If most Greek islands are well-placed to offer a thrilling experience to their visitors, the ways to get there can vary: their diversity in terms of scenery and ambiance is so remarkable that the traveler rightly finds himself asking for advice when choosing between islands. I usually respond with a question: “what kind of landscape moves you the most?”
The Cyclades are marked by stunning, world-famous architecture: their medieval pearly-white citadels, made of tiny cubic houses stuck close to each other, have become synonymous with Greece. Set at the top of the steepest rock cliffs to protect against the pirates who ravaged the Aegean coasts during the Middle Ages, these picturesque towns offer stunning sea views that are hard to forget. Within this group of islands, choices are plenty: you can opt for the cosmopolitan islands of Mykonos, Paros, or Milos; the quieter Andros, Tinos or Syros; others offer a refuge from the world, such as Folegandros, Anafi or Astypalaia -an island of magnificent natural beauty, which, although belonging to the Dodecanese archipelago in the southeastern Aegean Sea, it features all the typical traits of the Cycladic architecture.
Not far from the bare, gorgeous landscapes of Cyclades, nature enthusiasts are succumbing to more verdurous destinations: the waterfalls of Samothrace and Kithira are a paradise on earth; while on the islands of Corfu, Paxoi and Skopelos, cypresses and pine trees “drink water from the sea” (a clear, turquoise sea, may I add).
Architecture lovers will be surprised to discover impressive alternatives to the typical blue-and-white settings: the towns of Chania (Crete), Symi and Kastellorizo with their colorful houses -in ocher, green, sky-blue, or pink- evoke the playful ambiance of Italian islands, such as Murano in the Venetian lagoon, or Procida in the gulf of Naples. The finely preserved, medieval castles in Rhodes and Patmos are still echoing the swords of their Knights who were fighting there 800 years ago.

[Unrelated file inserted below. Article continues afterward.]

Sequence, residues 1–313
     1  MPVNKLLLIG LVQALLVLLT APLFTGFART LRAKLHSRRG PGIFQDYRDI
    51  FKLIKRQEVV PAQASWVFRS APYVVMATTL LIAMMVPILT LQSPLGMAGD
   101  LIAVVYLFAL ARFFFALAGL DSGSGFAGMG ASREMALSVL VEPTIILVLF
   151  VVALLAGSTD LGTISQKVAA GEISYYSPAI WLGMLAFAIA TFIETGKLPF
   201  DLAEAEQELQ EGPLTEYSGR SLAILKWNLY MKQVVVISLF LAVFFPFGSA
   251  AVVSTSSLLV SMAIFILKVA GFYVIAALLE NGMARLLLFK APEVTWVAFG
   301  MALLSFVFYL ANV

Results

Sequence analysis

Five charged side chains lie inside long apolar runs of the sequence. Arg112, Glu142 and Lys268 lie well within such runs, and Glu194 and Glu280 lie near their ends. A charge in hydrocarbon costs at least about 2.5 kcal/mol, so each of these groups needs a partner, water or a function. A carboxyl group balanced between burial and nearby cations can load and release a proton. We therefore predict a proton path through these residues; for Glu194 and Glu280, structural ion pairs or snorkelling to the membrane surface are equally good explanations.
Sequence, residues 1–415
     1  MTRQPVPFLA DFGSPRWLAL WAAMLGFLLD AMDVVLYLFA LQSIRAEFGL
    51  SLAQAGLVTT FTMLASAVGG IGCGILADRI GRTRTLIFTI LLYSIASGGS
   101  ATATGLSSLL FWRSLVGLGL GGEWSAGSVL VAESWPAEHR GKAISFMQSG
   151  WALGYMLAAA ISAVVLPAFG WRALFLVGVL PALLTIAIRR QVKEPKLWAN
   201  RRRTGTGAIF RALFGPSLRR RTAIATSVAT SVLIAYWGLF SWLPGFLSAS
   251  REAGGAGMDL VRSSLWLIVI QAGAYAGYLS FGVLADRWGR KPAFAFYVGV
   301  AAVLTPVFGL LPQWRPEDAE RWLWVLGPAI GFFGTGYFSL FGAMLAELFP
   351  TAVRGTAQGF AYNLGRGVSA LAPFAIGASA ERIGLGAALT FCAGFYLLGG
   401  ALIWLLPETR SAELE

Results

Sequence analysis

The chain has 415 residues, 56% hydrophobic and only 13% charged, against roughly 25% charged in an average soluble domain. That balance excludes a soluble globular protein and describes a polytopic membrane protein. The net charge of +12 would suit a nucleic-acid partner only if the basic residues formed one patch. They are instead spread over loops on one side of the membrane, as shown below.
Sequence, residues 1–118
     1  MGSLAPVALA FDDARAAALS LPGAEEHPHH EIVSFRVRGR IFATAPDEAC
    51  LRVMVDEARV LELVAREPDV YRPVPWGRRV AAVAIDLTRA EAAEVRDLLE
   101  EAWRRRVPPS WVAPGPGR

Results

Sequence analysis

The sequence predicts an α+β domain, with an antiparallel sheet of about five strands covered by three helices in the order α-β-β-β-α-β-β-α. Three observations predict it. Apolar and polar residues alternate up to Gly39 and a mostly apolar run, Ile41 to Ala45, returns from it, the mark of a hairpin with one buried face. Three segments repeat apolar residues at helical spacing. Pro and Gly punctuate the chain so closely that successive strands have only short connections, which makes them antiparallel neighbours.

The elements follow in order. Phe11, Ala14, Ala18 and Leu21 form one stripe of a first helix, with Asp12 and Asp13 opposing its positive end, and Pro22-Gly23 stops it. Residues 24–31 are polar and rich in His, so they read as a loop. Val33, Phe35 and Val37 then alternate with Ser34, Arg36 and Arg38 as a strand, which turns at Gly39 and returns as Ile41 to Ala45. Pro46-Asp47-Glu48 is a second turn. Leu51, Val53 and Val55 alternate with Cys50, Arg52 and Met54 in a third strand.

The Grand Tour
From the era of the Crusades, marked by pirate invasions and missionary expeditions, to the Grand Tour of the French and English intellectuals in the 19th century, Greek islands have been a constant pole of attraction for historians, archeologists, naturalists, philosophers and writers. The selected travel notes below describe landscapes and lifestyles which are not only unique to each island, but were also able to resist the wearing effect of time.
In Corfu, for example, you will explore the frivolous and light-hearted spirit of the locals; centuries-old joie de vivre that finds its expression in their generous spirit, a closeness with their neighbors, and a passion for music. In Ermoupoli, capital city of Syros, you will discover elements that confer an air of metropolitan elegance at the heart of this cycladic island. Diplomats and writers observe the surviving marks of the 19th century -Syros’ golden era-, when a handful of emigrants built shipyards, designed mansions, founded schools, introduced Shakespeare plays in new-founded theaters and foreign newspapers in English-style Clubs. In the citadel of Naxos island, a 19th-century French diplomat unlocks doors whose keys once belonged to Knights and Dukes; he takes us inside houses with Florentine furniture and coats of arms carved above the doors, still visible today.
The Greek light
As the day drew to an end and I was writing this closing note, a stream of memories started filling my head, like sirens: the cold touch of a patio under my feet as I was gazing at a pale dawn; the taste of salt on my shoulders; an angry wave smashing against the rocks; a sea painted orange by a flaming sunset… I closed my eyes and smelled lavender-soaked sheets drying on laundry ropes; listened to ladies chattering through opposite windows and troubadours singing under an amber moon; I saw decadent knights polishing their signet rings; I imagined pirates, missionaries and merchants. As I was going through pages of histories, anecdotes and travel notes spanning over centuries, I wondered: in this old, Greek patchwork made of different pasts, influences, architectures and cultures between islands, is there a timeless, federating element? I figured that only the Greek light can bridge the gaps.